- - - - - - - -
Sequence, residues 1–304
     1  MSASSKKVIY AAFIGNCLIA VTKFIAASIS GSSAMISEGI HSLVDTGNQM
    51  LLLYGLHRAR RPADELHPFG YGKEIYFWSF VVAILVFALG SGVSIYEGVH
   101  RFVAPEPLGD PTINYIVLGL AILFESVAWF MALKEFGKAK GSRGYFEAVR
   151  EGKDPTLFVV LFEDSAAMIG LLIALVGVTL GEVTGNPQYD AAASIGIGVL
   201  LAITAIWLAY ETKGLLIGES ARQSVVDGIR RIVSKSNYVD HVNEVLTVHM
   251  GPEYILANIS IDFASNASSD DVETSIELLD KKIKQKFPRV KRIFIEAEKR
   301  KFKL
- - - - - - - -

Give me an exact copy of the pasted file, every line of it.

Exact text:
Sequence, residues 1–304
     1  MSASSKKVIY AAFIGNCLIA VTKFIAASIS GSSAMISEGI HSLVDTGNQM
    51  LLLYGLHRAR RPADELHPFG YGKEIYFWSF VVAILVFALG SGVSIYEGVH
   101  RFVAPEPLGD PTINYIVLGL AILFESVAWF MALKEFGKAK GSRGYFEAVR
   151  EGKDPTLFVV LFEDSAAMIG LLIALVGVTL GEVTGNPQYD AAASIGIGVL
   201  LAITAIWLAY ETKGLLIGES ARQSVVDGIR RIVSKSNYVD HVNEVLTVHM
   251  GPEYILANIS IDFASNASSD DVETSIELLD KKIKQKFPRV KRIFIEAEKR
   301  KFKL